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Section 10 of Act 120 of 1916 pro)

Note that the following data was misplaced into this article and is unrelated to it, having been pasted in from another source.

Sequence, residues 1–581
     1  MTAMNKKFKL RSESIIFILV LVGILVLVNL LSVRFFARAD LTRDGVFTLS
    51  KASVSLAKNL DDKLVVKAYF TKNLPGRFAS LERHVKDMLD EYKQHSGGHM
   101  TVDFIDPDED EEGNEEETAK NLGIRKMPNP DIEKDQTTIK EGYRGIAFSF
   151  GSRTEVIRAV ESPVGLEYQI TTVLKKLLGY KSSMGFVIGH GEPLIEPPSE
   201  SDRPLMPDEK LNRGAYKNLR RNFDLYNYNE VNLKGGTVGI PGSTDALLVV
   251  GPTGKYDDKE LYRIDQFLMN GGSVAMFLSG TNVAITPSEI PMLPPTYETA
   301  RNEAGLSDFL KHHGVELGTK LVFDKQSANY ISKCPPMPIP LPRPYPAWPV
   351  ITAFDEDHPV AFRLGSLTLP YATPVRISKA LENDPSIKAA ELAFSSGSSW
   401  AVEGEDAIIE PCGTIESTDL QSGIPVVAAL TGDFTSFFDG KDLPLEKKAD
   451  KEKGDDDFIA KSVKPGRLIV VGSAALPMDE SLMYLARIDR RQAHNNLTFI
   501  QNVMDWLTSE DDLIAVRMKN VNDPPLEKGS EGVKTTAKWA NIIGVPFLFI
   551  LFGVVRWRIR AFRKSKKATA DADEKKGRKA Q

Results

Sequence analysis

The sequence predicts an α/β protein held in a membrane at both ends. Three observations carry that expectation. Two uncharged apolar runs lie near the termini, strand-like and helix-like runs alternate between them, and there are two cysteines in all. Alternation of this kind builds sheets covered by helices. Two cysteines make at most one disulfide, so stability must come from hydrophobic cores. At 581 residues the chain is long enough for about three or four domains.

hibits Ferry Companies from charging school children fare during school hours. But why are we still paying the fare? D sd t tthe Uphbldlag of tho We t SMde of th River. "A very live and creditable weekly aewspper."-MANUPA(IFL'RER RECORD. S .... ___A.. ,ALGIERS, LOUISIANA, THURSDAY, AUGUST 10, 1922. No. 14 60TH SIDES OF POLTICS ipMAN GIVEN MS OVATION I sFire Their First Gun. i Factor at Demonstration. gd narrah for Behrman!" ,jpauS's Coming Back!" was given former Mayor Mar at an open-air mass ohis own bailiwick, Algiers, epnsg of the campaign of agsulars faction for the to be held Sept. 12. thousand persons gathered sgn of the meeting, and h fact that it lasted three a crowd of several hundred e st standing attentively ga luedon. . tg was more of a labor a number of union N ders speaking especially in ot the candidacy of J. F. labor leader, for public ser , alsieoner. J. Ryan. loco eaglseer and chairman of the e0grmmittee of the Southern agls eers, was chairman of * etnlg, and M. C. Donner was m r. man opened the meeting g s greeted with a long ovation. i l sot make an address, but iesm the meeting was called Im regular Democrats in sup Sshe regular ticket." He in mpi Mr. Ryan as chairman and $ seat on the platform, but a w.e later left the stage to with the crowd. ,Me Mr. Behrman was given an gastic reception, the other Ssceived only mild applause, "saeseeption of Mr. Bowen. who a a glad hand. Many of the shopmen reside in atd reference to the strike hi vnarls speakers each time St a demonstration. La* Leaders Criticise .gMhr Parker, Colonel John P. mm, Mayor McShane, Commis ' d public Works Black and jutrdaedt of Police Molony ageme in for a share of criticism n at the hands of the "me who spoke. The candi hewever, refrained from mak. SM gersonal criticism of their his uaallica "berlce commis Sate Senator Mark the Old Regulars' can the Court of Appeal, and fresentative William V. UI, ae for member of the head at Education, each pre Ms daims in similar vein. . Morris, candidate for reg f esmveyances. was introduced but did not speak bhe - at a dight illness. pafts Candidacy Endorsed Girault Farrar was the aMbSr, talklng for an hour and (Catnnled on page 6) LEAGUE SAYS THE 1IT HAS JUST BEGUN the next few weeks the lege will have organized pgemiact of the Fifteenth AheIdy the first has been amle, being something like asl and sixteen female This shows that the young end manhood of Algiers -..Ll.- to a realization of -M de of the present day g has issued a call to sal fathers of Algiers embers of the organisa is aminga to protect the ar the community and Its ben sad girls. arilai from the dance earaig so terrible that stepe must be taken. Who are stationed at S whsee these indecent, Immoral and impure rt tara their heads and re Iaeae the law. People of the community UtrM to ramime their chi. af becoming disgust y demand that the police at dances do their 'ORALITY LEAGUE. POLICE ON DUTY IN ALGiEIt , Orderly Since Resent S41dsorder of any kind Up*wd to police or deputy AUlghe that could be I the strbe, since last when eme me was *tiI ee nder of the mM tlst alnht. .I thootte of John Stephens, negro SSethera PoSle 4 detachment of 1 to dty In A . e strogin the 'hiity oart ireed ther tng he BEHRMAN SCORED AT ALGIERS MEET OF NEW REGULARS U. 8. Treasury Needed to *Repair I Streets Left by Ring, Says O'Connor Algiers New Regulars organized at a meeting held in the Fourth Precinct of the Fifteenth Ward last Friday night. An enthusiastic repre sentative crowd attended the meeting, which was held at Patterson and Ver ret streets. The speakers included Henry Acker, Judge Wynne Rogers, J. Arthur Charbonnet, Thomas O'Con nor, John Merkel and Charles Hantel. "We have done away with the old system of ward bosses--let us pre vent Behrman from bringing them back as he is trying to do," pleaded one speaker, whose words were re ceived with applause. The first speaker of the meeting was Judge Wynne Rogers of Section "E" of the Civil District Court, New Regular candidate for justice of the Supreme Court. He was introduced by Henry Acker. Judge Rogers de clared that as judge of the Civil Dis trict Court he has given all a square deal, shown no favoritism, and that his judgment has not been swayed by others. A tribute to other candidates en dorsed by the New Regulars was paid by Judge Rogers, who declared he is proud to be associated with them in the coming campaign. Judge William A. Bell, he said, is a splendid man and an efficient judge, and a worthy man for judge of the Court of Appeals. Commenting upon Fran cis Williams, who is a candidate for public service commissioner to suc ceed himself. Judge Rogers said he had gone into the office pledged to do a certain work and that he had done well. "This new organization." Judge Rogers said, "will win at the polls on Sept. 12 if they work together and stick together. There is a re port that we can't win in the Fit teenth Ward, but I don't believe it. We can win anywhere in the city." 1 Mr. Acker announced that Francis Williams, who was scheduled to make an address, was ill and unable to attend. Thomas O'Connor was Intro duced as the representative of Mr. Williams. O'Connor aroused the crowd to a high pitch of enthusiasm as he fired broadside after broadside at Martin Behrman. "At the meeting of the Old Reg ulars last night," he shouted. "Banker Behrman posed as a friend of the union man. Who was it that voted to keep the wages of the striking union carmen down? Ask Banker Behrman. When did Banker Behr man ever espouse the cause of labor when a controversy arose between capital and labor? "Banker Behrman once was shaved in Algiers. It was good enough for him then, but now he goes to a fashionable hotel and is shaved by a fancy barber. The fight of two years ago was a great one, and as a result of it we now have the right of free speech and can talk as we dare without fear of going to jail for'1 it, as was the case three years ago. "Behrman and his party know they will lose. They are praying for a miracle that will win for them. The people are up in arms, and women and men are working together. Wil (Continued on page 5) AUTO TURNS OVER AND KILLS OCCUPANT; DRIVER JAILED Manslaughter Is Charged; Swerve Into Gutter Causes Accident Alfred Marshall, 38 years old, 735 Patterson street, was killed at 3 o'clock Sunday morning when an automobile in which he was riding ran into the gutter at the Intersec tion of Behrman avenue and Evellna street and turned over. Marshall and Jack Dalton, 208 Pel Ican avenue, driver of the car, were pinned beneath the machine. Ac cordlng to the coroner, Marshall's death was due to a broken neck and was almost instantaneous. This was the first of a number of automobile accidents reported by the police Sun day. The driver of the machine, Dalton, was taken to Charity Hospital, where his injuries were pronounced slight. FPollowing his release from the hos pital he was placed in jail on a charge of manslaughter. emmett Wattignay, 5 years old, of 137 Lavergne street, sad John Zat arain, 27 years old, of 513 Seguin street, who were also members of the party, wetre thrown clear of the machine when it turned over, and aped wittbout njarj. The automobile was raised by Cor poral Hatter and Patrolmen Curren, Orf ad Oomssles Wattigs and satarl, who were -nesd uea ap I -ges watk dm - n ss, s, to sk a ja .. .a * 'easi b SDESERTED Ir I O i -I '' o e o I 1:. 4tp oo· l*i d e- - ...rota Lt . Commissioner Maloney Writes Another Long Letter, But Still Evades Questions Asked By Algerines Reiterating his position in favor me of municipal ownership of ferries in thi a sizzling statement Saturday. Paul cot Maloney, commissioner of public the utilities, attacked the attitude Peter sui S. Lawton and others have taken in obi the matter. His statement follows: itra "The statements appearing in the ha newspapers of the past several days, nu: sponsored by Mr. Peter Lawton and fic: Mr. C.'J. Donner, making accusations we against the Commission Council and the more particularly my department, in WI the matter of ferry franchises, have an been noted, and I must say that the claims advanced do not conform to be the facts in the case. sic "So that the patrons of the Algiers fet ferry may be correctly informed as to sic the real facts bearing upon the issue, en I will give the following particulars: isi "Algiers is served by two lines of to ferries, one that is known as the j w Third District ferry, operated be- of tween Barracks street and Oliver Be street, and the other known as the re: Canal street ferry, operated from Nt Canal street to Morgan street. fu: "The Third District ferry is oper- op ated by the Union Ferry Company. This company's franchise expired in mt 1906 and, although two franchises en for the service were advertised at th: different times by various adminis trations, they failed of sale, the prop- tot osition evidently not appearing Invit- ad lug. The Union Ferry Company as] made a proposialon to the council in, in 1907 to pay the city five per cent thi of the gross receipts. The records as show that this arrangement was ac- fal cepted and the city of New Orleans c'al has been receiving payments on this basis since that date. So much for the Third District ferry, on which to subject Mr. Lawton, notwithstanding sh his statements in the newspapers (,iv asking Illogical questions, has been Ca fully informed, receiving copies of all the the documents setting forth the facts as I have given them, months ago. th Gave Lawton Chance ye "The Southern Ferry and Improve- las ment Company obtained from the on city of New Orleans in 1906 a 15- bu year franchise, paying a considera- Mi tion of $225,000 to operate the ferry service from Canal street to Morgan ve street. This franchise expired Dec. DI 31, 1921, and the council, so as to ev allow Mr. Lawton and his associates or full opportunity to present their be reasons for municipal ownership, did Ot not effect a ehange In the operation th of the service. This effort on the dii part of the council to show Mr. Law- I ton and his associates every consid- to eration, necessitated allowing the all present operator an extension as per ne the conditions of the franchise to such a time as the future operation Ni of the service could be determined. ad "It has been my oipnlon ever since qu I have taken office that the Canal co street ferry and the Barracks street glthi ferry services should be consolidated th and operated by the city of New Or- ta: leans. The amount ,required to take co over the equipment should be includ- mi ed in our regular budget, and then tri the receipts of the ferry, less the th operating expenses, could be applied to amortising the cost of the entire pa plant. Itn "I presented this proposition to be the council. but the other members th did not think it the proper policy to an pursue. They did not believe in mu- sa nicipal ownership of this ferry ser- pr vice where the city would be involved fel in the finances. "I conveyed this information to pr Mr. Lawton and his associates, and ch they asnured me that they oud pre- t waU porn the other mmbers to co gms the -admd UBto thU o- at ment they have not accomplished I this, and the position of the other commissioners remain the same in the matter. In the meantime it was suggested that a commission could obtain the money needed in the 1 transaction, and that he city would have no responsibility. But after numerous conferences with bank of ficials it was found that the banks I would not advance the money unless & the city would stand responsible, I which was rendered impossible by E an inhibition in Act 4 of 1916. "Mr. Lawton, as I understand, has . been before the Dock Board commis sioners to have them operate the ferry, without success, the commis sioners refusing to consider such an enterprise. He went before the Leg islature at the last session seeking to have enacted a state law which would put the control and operation of the ferry service under the Dock Board, and the plan again failed of result. The Commission Council of NI ew Orleans went on record as re fusing to undertake th- municipal Soperation of the ferries. "There are several reasons why I must hesitate before giving consid eration to any further statements that might emanate from Mr. Lawton.i "One is. as I amn advised. Mr. Law-1 ton in 1910 appeared before the cityi' administration then in power and asked for a railroad franchise, agree- l ing to hid for the grant and pay for the cost of advertiscing the franchiseI as required by law. I am told he failed to carry out this promise. This ucan be proven. Says Figures Wrong "Another is Mr. Lawton presented to this council a communication showing his calculations of the finan cial results of the operation of the Canal street ferry. He capitalized: the gross receipts at the rate of six per cent per annum and alleged that the net earnings alone for fifteen years was in excess of a million dol lars. Such calculations as this dem onstrated at a glance to acny one of business experience just how unsound Mr. Lawton's calculations are. "In connection with this contro t versy I wish to say that while the Department of Public Utilities is t ever willing to furnish information t or assist in any undertaking for the r betterment of the citizens of New I Orleans, as commissioner I will in t the future give no consideration to discourteous communications such as I have received in the past relating to ferry franchises, communicationsj altogether irrelevant and not perti r nent In the least to the issue. "The commissioners of the city of 1 New Orleans have a city attorney to advise them as to the legality of all e questions which may arise for their 1 consideration. They have a city en t gineer to inform them and direct I their deliberations on mktters per talning to engineering. My authority comes from the people who elected me, and my actions in the adminis Stration are approved or rejedted by the other members of the council. I "The council has adopted as its policy that a franchise combining in its grant the two ferry services must be advertised for sale. And further, the franchise lia o provide that the amount of money realized from the sale shall be dedicated to land Im provements for the benefit of the I ferry patrons. "Mr. Klorer, the city engineer, a practical river man, will make such I changes and modifications in the franchise now pending before the Scomnal as will ender it soend, sad at the m w tim. base the maud, SOne Killed, Four Beaten In Disorder At Algiers Ferry Landing I John Mercier Dead, Negro Shop Cook Held for Shooting 1 One man killed and four severely beaten was the toll of disorders In . Algiers last week. The casualtiesl r occurred in two affrays, one at the Algiers ferry house shortly after 4 s p. m.. and the other a few hours later a at Patterson and Elmira streets, be tween the ferry house and the South ern Pacific shops. In a statement to the Times-Pica a yune last Wednesday night, H. W. 1 Perkins. inspector of special service at the Southern Pacific shops, de clared that twenty-one men from the, shops have been beaten by alleged . strikers and sympathizers int the past g three weeks. All these affrays. said h Mr. Perkins, have occurred betweep the shops and the ferry house, a dis k tan(ce of six or seven blocks. Con i ditions on the other side of the river. ac.cording to Mr. Perkins. have be come "intolerable." Casualties were: II John Mercier. white 41 years old. 530 South Broad street. mortally I wounded by Joseph Stephens, negrot - ook at the Southern Pacific shops, a who claims self-defense. t Joseph Stephens, negro, 32 years .old, 2512 Thalia street, beaten just yfprior to the death of Mercier. George Perry, negro, 1233 Howard street, severely beaten after the shooting and sent to Charity Hos ! pital for treatment. Ne . P. Breaux and S. J. Breaux, Semployees at the Southern Pacific shops, set upon at Patterson and Elmira streets a few hours after the shooting, knocked down and tram pled on. n Up to this time police found no f eye-witnesses to the actual killing of Mercier, although statements were obtained from two men who said they x heard a shot and saw Stephens with `t a revolver in his hand. Neither of n these witnesses saw the alleged - affray which preceded the shooting, t they said. Mercier was - shot once, the bullet d lodging above the heart. He died ten minutes later on the ferry landing. } Stephens, who had sought refuge on s (Continued on page 5) n e LEVEE CONTRACTS LET TO W, RESTORE FLOOD DAMAGE 0 Contracts for construction of a 'new short line levee at the Stanton i plantation, a new levee at Duckport, I in Madison parish, and ten smaller projects in the Lafourche drainage district, were awarded by levee offi cials and state engineers yesterday. The Orleans Levee Board let a con Ir tract to the Lower Coast Construc tion Company for a new levee approx t imately a mile long, immediately in r- the rear of the more dangerous part of the Stanton levee, at a cost of $d 35,000 or 25 cents per cubic yard. 5 y mum of service for the people. The ,. city attorney will review the fran a chise to make certain that all the n legal requirements for the protection It of the clisens have been incorpor r, ated. e "In my judgment, the members of ,e the Commission Couchi believe it is p. now time to ignore all further illog Slecal contentions and shallow diseus sion and bring the ferry tranchise a matter to a close for the general good h of the commamlty, sad particularly e Iln the interest at tihe people of t Al~lers who want and are etitled ilto a threash and leleut ferry . ewrse and net a lot at impty talk." Personal Mention 1 And General News SHORT ITEMS CONCERNING WEST SIDE PEOPLE. Messrs. L. Herman Gaudet and Ver non J. Wilty returned home Monday from liloxl. where they spent the week-end. They expect to make another trip in two weeks, taking in all the over-the-lake resorts, making the tour on their private yacht. "Ret a varie." Misses Lillie, lilda and Isabelle Ott. May Fleury, Helen Berger and Anita Heitmeier, left Sunday for a months stay. Mrs. L. J. Lejeune and daughter Nina, have returned after a pleasant I two weeks spent in Bay St. Louis. I The .latron's Club met on Tuesday afternoon with Mrs. Sam Boylan., Mirs. H. L. Sease, playing for Mrs. C., V. Kraft, won first prize; Mrs. E. J. 3lothe, second: Mrs. Sam Boylan. third; Mrs. lester Brooks. consola tion. M.rs. T. 1'. Bucholz entertains at next meeting. Mr. and Mrs. T. U. Buchholz re turned after two weeks stay at Biloxi. I Mrs. W. Eastwood returned from ' Houston having visited her sister. I Mrs. Nelson. Mrs. T. O. Hotard and children re- l turned from Heartsease Park. Mrs. E. J. Mothe and children spent I last week in Covington, the guests of Mr. and Mrs. Mothe. Mrs. George Pollock is spending a while in Biloxi. Mrs. Curren and baby are spending a month in Biloxi. Mrs. P. O. Cafiero leaves this a. m. I for Biloxi. . t Mrs. F. B. Ford returned home last ] Tuesday from Galveston, after spend- - ing two weeks there. Mrs. F. B. Ford and sister, Miss Jennie Brechtte, spent Sunday in Ililoxi. 1 Miss May Estella and Jennie Loc- t hart, Jessie Tern and Mrs. Vidae, are, spending their vacation in Biloxi. In a party that left Sunday on an auto trip to Baton Rouge was Miss, Gwendolyn and Camille Glancy and little neice, Betty Kopp, May and Inez Trapinia, Edna Roussel and Blanch t Roussel. Mr. Harry Raymel, Edwin W~aver. Wm. Zenturray, Hugh Wilke son, Bunett Glancy and John Campell. 1 The Misses Glancy and niece Betty,! and Mary Trapinia will stay at the - home of Mrs. Schmite, Miss Trapinia's i sister in Baton Rouge, and the rest of the party returned home Sut.day - night. , Mr. H. B. Beard and family will I leave shortly for Biloxi whet'e they t will make their future home. i Little John Finley is spending a while in Abita Springs. Louisiana, on the M.cNeely farm, the guest of Miss Erninle McNeely. Mrs. W. Meder has returned from Galveston, after spending her vaca tion there. Miss Margaret Ford spent the week ernd in Biloxi. The many friends of Mr. Alvin; Hoffan will be glad to know that he is doing nicely after undergoing an operation at the Hotel Dieu for appen dicitis. L The Catholic Daughters of America, Court Mary 391, will entertain with I five hundred, euchre and lotto at the presbytery on Wednesday. August 16. 1922, at 8 p. m. sharp for the benefit1 of the New Parochial School. The hostesses are Almes. Aycock, M. Ameudo, Bowers, K. Barrett, Baril leau, C. B. Beagine, Caferie, A. Clark, Mlisses Olivia Bowers, May Brown, Mary Collins and Claire Cassidy. Mrs. R. J. Vlcknair and daughter, : LaVergne, of Gretna, spent a few days at Mllneburg, the guest of Mr. and Mrs. B. 0. Baker. Mrs. L. Munstermann and family i spent a few days at Milneburg, guest ' of Mr. and .Mrs. B. G. Baker. Mrs. P. L. Rhiner and children, SPaul and Lois, have returned from Mandeville. after spending two weeks the guest of Mrs. Geo. Thorning. Mr. and Mrs. Thomas Munstermann' Iand baby have returned after spend ing two weeks at Buras, the guests Sof .irs. Munstermann's parents. Miss Leora Fellers is spending some time at Nairan, La., with her grand partnes. Mr. and Mrs. W. Bartina and daugh ter, Violet, were the guests of Mr. and Mrs. D. Salley of Gulfport, Miss. Mrs. N. M. Thate returned home Sfrom Baton Rouge after a week's Svisit. r (Continued ea Pag 3.) * STRIKE GUARD JAILED FOR ASSAULT ON MAN Louis Hudson, 31 years old, of 737 Conti street, employed by the South ern Pacific company as a strike t guard. was arrested Saturday morn Sing by Patrolmen Gomes and Blass Sand charged with disturbing the peace and carrying concealed wea pons. Th'i arrest came on the com plaint of Jacob Capploa of 734 SWebster street and William Sira of 724 Diana street, who declared that Hudson entirely without cause as saulted them with an automatic pistol at 7:30 o'clock Saturday morning. WINS ESSAY PRIZE I Miss May Lou Lanier of McDaon. y oghville was the wlnner In the essay f contest this week. which is conaduct I ed by the TimeePlcarywne. Her esuy 7 wa pubIlshad in Sunday's paper. It - Is a very ereditabl eesay. Judge Mahoney Funeral Numerously Attended Was a Good Citizen and Public Spirited Man Judge Martin Samuel Mahoney, 64 years old. formedly judge of the Second City Court of Algiers. died Friday afternoon at 2:10 o'clock at his residence. 323 Pelican avenue, after a brief illness. Funeral ser vices were held at Holy Name of Mary (Catholic) Church at 4 o'clock. Interment in Metairie Cemetery. .ludge Mahoney was born Nov. 24, 1S55, in the city of New Orleans. He was educated at the R,,demptorist parochial school. Jesults' College, in this city, and also at the University of Notre Dame of Indiana, from which institution he graduated in 187S with high honors, with the degree of Bachelor of Arts. After his gradua tion he became professor of United States History and Geography at Notre Dame University, and taught there for ten years. With the true Southern heart, he then returned to the South and accepted a professorship at St. Ed ward's College at Austin, Texas. He resigned this to accept a position at Holy Cross College of this city. In xSS he gave up teaching and branched out in the mercantile busi ness for himself, and for ten years he carried on one of the largest re taill grocery stores in our town. In 189S he retired from the grocery business and entered the study of law at Tulane University. He at tended the class lectures in 189S 1899, and was then commissioned as a notary public by the Governor. In 1901-1902 he again entered the law department at Tulane and was grad uated with the degree of LL. B. In 1902. He was at once admitted to the bar of the Supreme Court and immediately began practice. He was a lawyer of thorough legal training, as was shown by the decided success he had made. He was at one time a member of the New Orleans School Board. He did much to merit the praise be stowed on him for the interest he had taken. He was a member of the Alumni of Tulane University and of Jesuits' College, and a member of the Ancient Order of Hibernians and of St. Vincent de Paul Society. Mr. Mahoney was one of the most active members of the Algiers Improvement Association, of which organization he was president of the executive committee. DON'T BE AN ANT SLACKER (By Martha Pontl) Mrs. J. E. Huckins, chairman of the Ant Campaign of the Fifteenth Ward, reports that Algiers is trying to do her share to do away with the ;Argentine ant, which is a pest to all families in Algiers and New Orleans. The Argentine ant causes more waste than any other insect. If we would stop for one moment to count up the different amount of foodstuff 'destroyed by this hideous pest. An other Important thing, can we count up the amount of money we have spent in our homes to get rid of these ants. If we had the money that we spent on buying ant poison and ant tape we would be better off by many dol lars and would have a nice little sum saved In the bank for a rainy day. So let every citisen of Algiers do a duty in this big campaign and give as much as we can afford to get rid of this terrible pest that causes so much waste. When the precinct solicitors and their numerous workers call at your door and ask you for a donation do not refuse them. For such a cause as this you should be proud to give. If you have not the change the day the workers call tell them the day when they can come again and they will be more than thankful. Do not shut the doors on their face when they tell you why they are collecting as many of our work ers having been Insulted In this way and many other ways. Just stop for a moment and think of the time these ladies have given for the sake of civic pride. These ladies are not being paid for this work. They are doing this because they have civic pride and interest in their town. If we had a few more people in our communilty like these ladies Algiers would be better off. Many of our citizens are of the opinion that these ladles are being paid for canvassing the various squares, but this is not a fact. It is the duty of every citizen to contribute to this cause. Only those contributing to this fund will have their homes protected with the poison. TRIBUTE PAID TO SKIPPER OP THE GOOD SHIP "MOMUS" In the dining saloon of the Mor gan liner Momas, jaust before sailing for New York, last Wednesday morn lg, her commander, Captain P. Maxson, of this city, was presented with a silver loving cup as a token of esteem from the passengers who came down from New York on the $2uth trip of the vessel., Dr. Morris Bsseler presented the loving esup to SCapain Musom.